Your teachers follow a lesson plan that outlines what you'll study each day. Your
parents may have a plan to help you pay for college. And your weekend social plans
determine whether you're seeing a movie, heading to a concert, or playing basketball
at the gym.
People with type 1 diabetes need
to follow a different type of plan. A treatment plan, also called a diabetes management
plan, helps people to manage their diabetes and stay healthy and active. Everyone's
plan is different, based on a person's health needs and the suggestions of the diabetes
health care team.
Diabetes Treatment Basics
The first thing to understand when it comes to treating diabetes is your blood
glucose level, which is the amount of glucose in the blood. Glucose is a sugar
that comes from the foods we eat and also is formed and stored inside the body. It's
the main source of energy for the cells of the body, and is carried to them through
the blood. Glucose gets into the cells with the help of the hormone insulin.
So how do blood glucose levels relate to type 1 diabetes? People with type 1 diabetes
can no longer produce insulin. This means that glucose stays in the bloodstream and
doesn't get into the cells, causing blood glucose levels to go too high.
High blood sugar levels can make people with type 1 diabetes feel sick, so their
treatment plan involves keeping their blood sugar levels within a healthy range, while
making sure they grow and develop normally. To do that, people with type 1 diabetes
take insulin as prescribed
eat a healthy, balanced diet with accurate carbohydrate counts
check blood sugar levels as prescribed
get regular physical activity
Following the treatment plan can help a person stay healthy, but it's not a cure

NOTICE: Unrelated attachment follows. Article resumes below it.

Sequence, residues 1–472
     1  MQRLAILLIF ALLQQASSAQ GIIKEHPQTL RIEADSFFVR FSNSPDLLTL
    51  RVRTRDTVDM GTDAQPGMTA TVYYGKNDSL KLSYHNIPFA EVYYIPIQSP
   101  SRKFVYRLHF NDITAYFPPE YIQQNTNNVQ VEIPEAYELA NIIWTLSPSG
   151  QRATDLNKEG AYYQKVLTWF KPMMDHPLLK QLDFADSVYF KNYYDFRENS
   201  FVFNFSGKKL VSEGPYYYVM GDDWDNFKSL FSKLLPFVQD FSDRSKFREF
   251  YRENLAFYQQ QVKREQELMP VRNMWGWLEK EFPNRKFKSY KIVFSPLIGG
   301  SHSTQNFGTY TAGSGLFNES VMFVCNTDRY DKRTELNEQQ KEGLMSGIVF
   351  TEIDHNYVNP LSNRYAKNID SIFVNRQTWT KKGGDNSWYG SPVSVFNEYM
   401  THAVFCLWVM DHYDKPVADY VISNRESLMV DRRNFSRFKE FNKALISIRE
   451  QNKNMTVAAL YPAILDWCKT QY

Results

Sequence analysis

for diabetes. Right now, there's no cure for diabetes, so people with type 1 diabetes
will need treatment for the rest of their lives. The good news is that sticking to
the plan can help people feel healthy and avoid diabetes problems later.
Take Insulin as Prescribed
People who have type 1 diabetes must take insulin as part of their treatment. Because
their bodies can't make insulin anymore, they need to get the right amount to keep
their blood sugar levels in a healthy range.
The only way to get insulin into the body now is by injection with a needle or
with an insulin pump. If someone tried to take insulin as a pill, the acids and digestive
juices in the stomach and intestines would break down the medicine, and it wouldn't
Different kinds of insulin are used for different purposes. The types of insulin
you use and the number of shots you take each day will depend on what's best for you
and your daily schedule.
As you grow and change, the amount of insulin you will need to take can change.
Getting insulin injections today is nearly painless, thanks to smaller needles. Insulin
pumps (which deliver insulin through a small tube placed just under the skin) cut
down on the number of injections needed.
Your diabetes health care team will teach you how and when to give yourself insulin
Eat a Healthy, Balanced Diet
People with type 1 diabetes have to pay a little more attention to their meals
and snacks than people who don't have diabetes. They need to eat a balanced, healthy
diet and pay closer attention to what they eat and when they eat it.
They also have to balance the food they eat with the amount of insulin they take
and their activity level. That's because eating some foods will cause blood sugar
levels to go up more than others, whereas insulin and exercise will make blood sugar
go down. How much the blood sugar level goes up after eating depends on the type of
nutrients the food contains.
The three main types of nutrients found in foods are carbohydrates
(or carbs), proteins, and fats, which all provide energy in the form of calories.
Foods containing carbs cause blood sugar levels to go up the most. Foods that contain
mostly protein and/or fat don't affect blood sugar levels as much. Our bodies need